New York and Seattle both have small programs, and information on them is limited. The New York program operates two community gardens in the South Bronx. Although funded by the IRC New York office, the garden was built with the intention of being used by the community as a whole, not just refugees, and has been incredibly successful with integrating many community members from diverse backgrounds into the gardens. The IRC in Seattle operates the Namaste Community Garden in the nearby city of Tukwila. Working in partnership with the St. Thomas Parish, 70 plots are provided for refugees on church grounds. See below, an awesome video about the New Roots program in the Bronx!
Out of all the New Roots program, I feel that the program in Phoenix has the most overlap with Huertas. Many of their supports take place in the rural outskirts of Phoenix. Their mission is to promote economic empowerment and food security for over 100 farmers, gardeners, and refugees employed in agriculture. Although they did not specifically reference Latino migrant farmworkers, possibly due to legality issues, I would imagine that many of them are beneficiaries of this program. The program helps teach people how to farm in the harsh desert climate and provides access to farm ownership through business consulting, small loans, and training tools. The Food Security Program improves access to healthy foods in areas where refugees live by working with local food providers and community groups. The Food Security program also offers nutrition classes . The Prickly Pear Food Pantry provides culturally appropriate emergency food assistance in Phoenix.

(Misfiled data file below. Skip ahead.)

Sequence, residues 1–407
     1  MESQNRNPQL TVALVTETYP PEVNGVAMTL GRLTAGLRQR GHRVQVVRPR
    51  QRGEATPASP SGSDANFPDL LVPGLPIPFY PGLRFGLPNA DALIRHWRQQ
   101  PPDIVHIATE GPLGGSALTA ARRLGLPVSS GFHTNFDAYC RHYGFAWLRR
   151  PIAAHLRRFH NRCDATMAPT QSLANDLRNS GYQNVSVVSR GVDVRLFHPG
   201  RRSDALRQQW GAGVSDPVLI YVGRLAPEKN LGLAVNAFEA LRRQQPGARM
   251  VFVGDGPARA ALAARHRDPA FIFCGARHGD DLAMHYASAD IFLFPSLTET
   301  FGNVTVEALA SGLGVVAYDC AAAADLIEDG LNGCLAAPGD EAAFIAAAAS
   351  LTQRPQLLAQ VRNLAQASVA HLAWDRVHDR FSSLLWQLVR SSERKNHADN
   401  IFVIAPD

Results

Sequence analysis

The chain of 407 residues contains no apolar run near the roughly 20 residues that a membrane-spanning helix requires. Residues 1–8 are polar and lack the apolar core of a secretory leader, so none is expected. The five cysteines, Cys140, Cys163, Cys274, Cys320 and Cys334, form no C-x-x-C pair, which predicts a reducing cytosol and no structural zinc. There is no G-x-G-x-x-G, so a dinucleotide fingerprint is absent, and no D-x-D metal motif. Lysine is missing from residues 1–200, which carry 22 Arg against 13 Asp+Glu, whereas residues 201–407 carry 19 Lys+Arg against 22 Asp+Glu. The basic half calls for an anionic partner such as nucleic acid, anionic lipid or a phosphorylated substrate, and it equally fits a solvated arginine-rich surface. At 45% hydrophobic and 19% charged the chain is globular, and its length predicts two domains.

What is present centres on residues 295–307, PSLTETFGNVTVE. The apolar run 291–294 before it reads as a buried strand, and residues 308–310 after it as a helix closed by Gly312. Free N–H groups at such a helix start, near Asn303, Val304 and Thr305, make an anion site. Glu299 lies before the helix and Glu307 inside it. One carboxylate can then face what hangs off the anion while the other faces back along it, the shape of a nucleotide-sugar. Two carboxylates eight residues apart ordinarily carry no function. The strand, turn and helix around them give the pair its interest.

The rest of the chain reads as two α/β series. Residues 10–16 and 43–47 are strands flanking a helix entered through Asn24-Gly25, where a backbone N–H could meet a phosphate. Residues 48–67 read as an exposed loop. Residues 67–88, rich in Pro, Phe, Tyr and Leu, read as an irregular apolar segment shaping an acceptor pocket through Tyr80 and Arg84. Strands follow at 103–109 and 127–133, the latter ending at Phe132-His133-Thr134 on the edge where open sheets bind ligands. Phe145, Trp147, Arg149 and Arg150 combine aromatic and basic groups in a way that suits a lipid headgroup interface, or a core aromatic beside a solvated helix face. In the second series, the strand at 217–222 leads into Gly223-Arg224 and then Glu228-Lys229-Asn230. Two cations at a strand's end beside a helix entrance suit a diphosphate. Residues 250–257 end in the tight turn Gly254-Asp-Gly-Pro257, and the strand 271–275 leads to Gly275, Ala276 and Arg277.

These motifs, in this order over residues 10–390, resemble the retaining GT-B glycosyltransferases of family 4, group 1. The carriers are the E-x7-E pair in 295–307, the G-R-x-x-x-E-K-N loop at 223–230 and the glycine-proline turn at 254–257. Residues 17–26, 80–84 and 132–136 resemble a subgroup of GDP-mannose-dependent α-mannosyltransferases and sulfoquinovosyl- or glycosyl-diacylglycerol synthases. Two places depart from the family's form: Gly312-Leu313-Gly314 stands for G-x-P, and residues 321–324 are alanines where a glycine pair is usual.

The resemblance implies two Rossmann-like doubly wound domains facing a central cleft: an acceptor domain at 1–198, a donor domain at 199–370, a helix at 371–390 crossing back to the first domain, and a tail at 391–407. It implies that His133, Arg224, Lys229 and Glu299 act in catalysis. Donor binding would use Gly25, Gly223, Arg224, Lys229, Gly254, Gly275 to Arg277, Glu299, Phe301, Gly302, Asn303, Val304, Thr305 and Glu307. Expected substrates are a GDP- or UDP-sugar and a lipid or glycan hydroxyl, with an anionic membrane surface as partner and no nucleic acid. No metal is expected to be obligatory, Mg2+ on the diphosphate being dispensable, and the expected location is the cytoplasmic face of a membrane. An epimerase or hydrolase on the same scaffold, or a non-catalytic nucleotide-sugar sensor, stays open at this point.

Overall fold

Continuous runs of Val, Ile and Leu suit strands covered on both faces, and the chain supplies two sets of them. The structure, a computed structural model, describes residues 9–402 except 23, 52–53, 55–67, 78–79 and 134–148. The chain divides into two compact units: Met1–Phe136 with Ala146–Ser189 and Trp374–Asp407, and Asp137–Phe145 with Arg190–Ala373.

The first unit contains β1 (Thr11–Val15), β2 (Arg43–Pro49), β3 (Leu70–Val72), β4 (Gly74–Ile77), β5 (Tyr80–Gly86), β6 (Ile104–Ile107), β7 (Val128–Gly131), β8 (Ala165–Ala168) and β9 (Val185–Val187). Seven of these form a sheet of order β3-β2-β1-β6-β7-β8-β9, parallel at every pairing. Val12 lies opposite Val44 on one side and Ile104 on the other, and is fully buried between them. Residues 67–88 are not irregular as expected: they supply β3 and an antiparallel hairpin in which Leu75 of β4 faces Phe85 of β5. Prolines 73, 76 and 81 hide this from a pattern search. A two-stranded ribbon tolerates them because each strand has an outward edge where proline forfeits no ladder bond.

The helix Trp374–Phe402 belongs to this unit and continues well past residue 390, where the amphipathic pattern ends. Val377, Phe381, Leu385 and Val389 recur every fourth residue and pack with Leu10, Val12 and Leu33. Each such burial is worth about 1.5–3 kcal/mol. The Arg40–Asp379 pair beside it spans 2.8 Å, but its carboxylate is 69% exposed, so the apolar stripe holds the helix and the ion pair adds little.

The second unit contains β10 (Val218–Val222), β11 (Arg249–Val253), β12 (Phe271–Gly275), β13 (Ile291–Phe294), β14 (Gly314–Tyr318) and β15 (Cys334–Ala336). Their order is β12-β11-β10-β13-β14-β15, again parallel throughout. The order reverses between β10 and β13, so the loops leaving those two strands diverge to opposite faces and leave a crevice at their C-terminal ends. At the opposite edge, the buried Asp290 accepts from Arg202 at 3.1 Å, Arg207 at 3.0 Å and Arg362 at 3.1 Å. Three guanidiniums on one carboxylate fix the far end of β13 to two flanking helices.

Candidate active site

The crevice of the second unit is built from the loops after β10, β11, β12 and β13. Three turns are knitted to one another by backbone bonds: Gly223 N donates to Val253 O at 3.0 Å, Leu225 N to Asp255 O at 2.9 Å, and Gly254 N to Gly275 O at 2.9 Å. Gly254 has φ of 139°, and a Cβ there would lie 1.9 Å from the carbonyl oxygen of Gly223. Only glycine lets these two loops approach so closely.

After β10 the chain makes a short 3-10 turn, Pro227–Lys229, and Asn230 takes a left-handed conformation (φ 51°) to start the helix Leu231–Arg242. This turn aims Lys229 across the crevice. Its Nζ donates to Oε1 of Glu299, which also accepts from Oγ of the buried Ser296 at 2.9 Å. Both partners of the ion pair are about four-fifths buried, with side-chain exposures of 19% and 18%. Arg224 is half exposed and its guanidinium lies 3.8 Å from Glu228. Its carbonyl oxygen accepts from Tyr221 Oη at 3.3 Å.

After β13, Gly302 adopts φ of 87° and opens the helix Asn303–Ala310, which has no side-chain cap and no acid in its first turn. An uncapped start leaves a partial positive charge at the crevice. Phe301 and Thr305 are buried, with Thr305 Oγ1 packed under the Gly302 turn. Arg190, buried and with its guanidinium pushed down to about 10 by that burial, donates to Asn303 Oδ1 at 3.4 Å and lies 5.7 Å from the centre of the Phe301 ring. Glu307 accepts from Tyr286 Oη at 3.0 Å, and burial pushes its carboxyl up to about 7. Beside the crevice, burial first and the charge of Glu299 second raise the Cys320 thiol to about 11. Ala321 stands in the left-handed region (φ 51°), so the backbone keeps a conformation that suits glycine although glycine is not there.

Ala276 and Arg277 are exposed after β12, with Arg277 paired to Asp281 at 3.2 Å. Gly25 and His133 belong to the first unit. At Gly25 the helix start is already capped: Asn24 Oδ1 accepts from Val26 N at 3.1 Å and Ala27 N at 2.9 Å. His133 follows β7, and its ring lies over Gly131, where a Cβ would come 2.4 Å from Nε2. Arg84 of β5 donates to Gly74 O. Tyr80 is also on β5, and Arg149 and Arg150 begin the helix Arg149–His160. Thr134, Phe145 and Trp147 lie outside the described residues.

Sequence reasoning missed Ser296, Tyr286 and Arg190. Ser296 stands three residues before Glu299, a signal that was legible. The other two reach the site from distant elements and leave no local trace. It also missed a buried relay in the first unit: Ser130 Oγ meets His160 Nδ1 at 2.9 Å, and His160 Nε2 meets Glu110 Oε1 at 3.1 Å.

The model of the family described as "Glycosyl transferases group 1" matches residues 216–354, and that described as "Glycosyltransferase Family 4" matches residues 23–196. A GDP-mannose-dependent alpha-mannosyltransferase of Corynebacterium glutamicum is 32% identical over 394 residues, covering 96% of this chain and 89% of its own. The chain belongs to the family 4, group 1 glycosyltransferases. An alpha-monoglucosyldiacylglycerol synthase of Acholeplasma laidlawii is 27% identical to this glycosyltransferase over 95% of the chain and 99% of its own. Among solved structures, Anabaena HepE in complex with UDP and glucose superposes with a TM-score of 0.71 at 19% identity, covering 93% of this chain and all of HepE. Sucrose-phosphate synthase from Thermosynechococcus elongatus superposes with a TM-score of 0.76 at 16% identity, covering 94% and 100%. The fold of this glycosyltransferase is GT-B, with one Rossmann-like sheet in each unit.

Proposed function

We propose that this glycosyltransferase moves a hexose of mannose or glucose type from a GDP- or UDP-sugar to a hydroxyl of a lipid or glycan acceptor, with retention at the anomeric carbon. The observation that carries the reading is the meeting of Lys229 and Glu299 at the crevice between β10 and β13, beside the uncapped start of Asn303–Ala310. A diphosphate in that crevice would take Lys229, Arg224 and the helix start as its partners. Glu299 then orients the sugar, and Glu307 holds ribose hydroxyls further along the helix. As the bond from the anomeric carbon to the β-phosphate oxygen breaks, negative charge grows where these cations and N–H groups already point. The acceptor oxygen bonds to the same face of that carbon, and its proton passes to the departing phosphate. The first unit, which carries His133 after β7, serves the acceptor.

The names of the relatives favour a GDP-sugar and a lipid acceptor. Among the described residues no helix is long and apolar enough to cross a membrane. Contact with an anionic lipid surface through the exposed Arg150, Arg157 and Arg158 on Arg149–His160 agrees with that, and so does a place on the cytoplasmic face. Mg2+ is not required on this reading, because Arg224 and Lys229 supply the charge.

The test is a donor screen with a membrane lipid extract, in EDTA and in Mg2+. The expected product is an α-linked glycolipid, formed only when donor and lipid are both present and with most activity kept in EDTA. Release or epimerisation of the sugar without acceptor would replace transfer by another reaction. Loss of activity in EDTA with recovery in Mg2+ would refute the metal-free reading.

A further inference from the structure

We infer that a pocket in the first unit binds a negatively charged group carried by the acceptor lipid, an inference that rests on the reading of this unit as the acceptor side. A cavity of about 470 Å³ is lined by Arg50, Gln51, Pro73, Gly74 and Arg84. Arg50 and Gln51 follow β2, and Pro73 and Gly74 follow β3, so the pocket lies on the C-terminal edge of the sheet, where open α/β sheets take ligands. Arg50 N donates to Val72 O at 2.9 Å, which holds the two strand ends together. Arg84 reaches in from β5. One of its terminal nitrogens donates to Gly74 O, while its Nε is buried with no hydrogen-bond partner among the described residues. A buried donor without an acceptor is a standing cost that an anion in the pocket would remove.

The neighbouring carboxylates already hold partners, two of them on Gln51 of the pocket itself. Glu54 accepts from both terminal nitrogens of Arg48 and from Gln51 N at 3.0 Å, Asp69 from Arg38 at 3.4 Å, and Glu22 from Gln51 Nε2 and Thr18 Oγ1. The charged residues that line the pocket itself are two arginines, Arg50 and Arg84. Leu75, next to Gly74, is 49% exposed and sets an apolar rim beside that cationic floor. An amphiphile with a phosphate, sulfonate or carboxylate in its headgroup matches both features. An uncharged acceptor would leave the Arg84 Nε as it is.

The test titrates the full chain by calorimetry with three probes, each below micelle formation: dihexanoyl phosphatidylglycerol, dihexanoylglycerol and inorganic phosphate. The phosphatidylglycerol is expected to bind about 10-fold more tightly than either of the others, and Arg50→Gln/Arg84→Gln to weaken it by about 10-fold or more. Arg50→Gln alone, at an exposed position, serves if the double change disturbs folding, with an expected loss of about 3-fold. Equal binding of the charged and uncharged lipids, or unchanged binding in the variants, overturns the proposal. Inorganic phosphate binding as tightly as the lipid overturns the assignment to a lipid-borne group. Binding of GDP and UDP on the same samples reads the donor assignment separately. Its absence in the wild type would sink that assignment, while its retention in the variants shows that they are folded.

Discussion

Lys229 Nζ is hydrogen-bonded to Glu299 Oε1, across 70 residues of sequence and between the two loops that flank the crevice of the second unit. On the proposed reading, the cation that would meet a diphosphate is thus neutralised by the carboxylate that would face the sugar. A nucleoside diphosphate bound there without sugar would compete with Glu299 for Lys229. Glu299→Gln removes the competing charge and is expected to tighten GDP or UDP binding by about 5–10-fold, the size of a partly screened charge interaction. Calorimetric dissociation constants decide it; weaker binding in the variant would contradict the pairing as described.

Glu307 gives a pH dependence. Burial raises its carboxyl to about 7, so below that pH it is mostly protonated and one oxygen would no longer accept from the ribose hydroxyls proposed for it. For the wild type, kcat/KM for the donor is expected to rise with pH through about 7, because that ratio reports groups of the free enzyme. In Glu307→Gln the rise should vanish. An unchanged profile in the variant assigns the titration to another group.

The IRC New Roots project in Boise provides funding and ideas to the Boise Global Gardens program, facilitated by the Idaho Office for Refugees. The Global Gardens program sponsors refugee agriculture projects at eight locations in the Boise area. Specifically, Global Gardens provides garden and farm space for about 100 refugee families, as well as training in horticultural production and marketing. They distinguish between their projects with regards to what is grown for market purposes and what is grown to be eaten by the growers. Five community gardens provide families with proper nourishment, two farms sell to farmers markets, and one farm sells to farmers markets, restaurants, and has its own CSA. Of particular interest to Huertas, the Somali Bantu Community Farm distributes a portion of their food to local food banks, and they grow a mix of African and American crops and have shared hybridized cross-cultural recipes with their customers. Four of the gardens are on donated land from synagogues, churches, and community organizations, and one garden is on an urban vacant lot. All gardens are within walking distance of where the refugees live.
Although IRC has a relatively high budget to work with, and refugees are here legally and receive government-supported benefits, Huertas can incorporate many aspects IRC uses into their own development. For example, IRC is not a grassroots organization- it is a marcro-oriented international organization. Thus, they partner with grassroots organizations and pre-existing projects to initiate their own projects. Perhaps, Huertas can partner with larger organizations with more broad goals to push this project forward. Particularly, it may be beneficial to reach out to organizations that reach many immigrant communities around the country to work towards building gardens for migrant farmworkers in Vermont.
New Roots | International Rescue Committee (IRC). International Rescue Committee, 2013. Web. 1 Apr. 2013. <http://www.rescue.org/new-roots>.
Refugee Agriculture Program. Idaho Office for Refugees, 2013. Web. 1 Apr. 2013. <http://www.idahorefugees.org/home/global_gardens/>.